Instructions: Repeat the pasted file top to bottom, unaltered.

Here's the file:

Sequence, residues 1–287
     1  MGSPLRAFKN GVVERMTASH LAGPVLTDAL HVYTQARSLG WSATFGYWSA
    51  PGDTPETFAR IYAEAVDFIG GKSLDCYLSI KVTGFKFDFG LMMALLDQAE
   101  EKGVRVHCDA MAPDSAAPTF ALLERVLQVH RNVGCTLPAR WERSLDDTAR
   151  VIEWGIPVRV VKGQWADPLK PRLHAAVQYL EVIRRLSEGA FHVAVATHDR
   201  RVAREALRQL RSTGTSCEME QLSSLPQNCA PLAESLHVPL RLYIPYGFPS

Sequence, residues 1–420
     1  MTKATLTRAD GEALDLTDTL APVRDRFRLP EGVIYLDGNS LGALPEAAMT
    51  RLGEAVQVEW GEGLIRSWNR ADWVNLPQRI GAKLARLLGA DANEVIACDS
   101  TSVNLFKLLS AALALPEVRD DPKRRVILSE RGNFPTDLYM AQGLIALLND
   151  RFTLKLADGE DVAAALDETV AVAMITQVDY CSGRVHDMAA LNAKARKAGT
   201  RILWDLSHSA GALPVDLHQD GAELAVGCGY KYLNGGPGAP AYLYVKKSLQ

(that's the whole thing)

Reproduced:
Sequence, residues 1–287
     1  MGSPLRAFKN GVVERMTASH LAGPVLTDAL HVYTQARSLG WSATFGYWSA
    51  PGDTPETFAR IYAEAVDFIG GKSLDCYLSI KVTGFKFDFG LMMALLDQAE
   101  EKGVRVHCDA MAPDSAAPTF ALLERVLQVH RNVGCTLPAR WERSLDDTAR
   151  VIEWGIPVRV VKGQWADPLK PRLHAAVQYL EVIRRLSEGA FHVAVATHDR
   201  RVAREALRQL RSTGTSCEME QLSSLPQNCA PLAESLHVPL RLYIPYGFPS

Sequence, residues 1–420
     1  MTKATLTRAD GEALDLTDTL APVRDRFRLP EGVIYLDGNS LGALPEAAMT
    51  RLGEAVQVEW GEGLIRSWNR ADWVNLPQRI GAKLARLLGA DANEVIACDS
   101  TSVNLFKLLS AALALPEVRD DPKRRVILSE RGNFPTDLYM AQGLIALLND
   151  RFTLKLADGE DVAAALDETV AVAMITQVDY CSGRVHDMAA LNAKARKAGT
   201  RILWDLSHSA GALPVDLHQD GAELAVGCGY KYLNGGPGAP AYLYVKKSLQ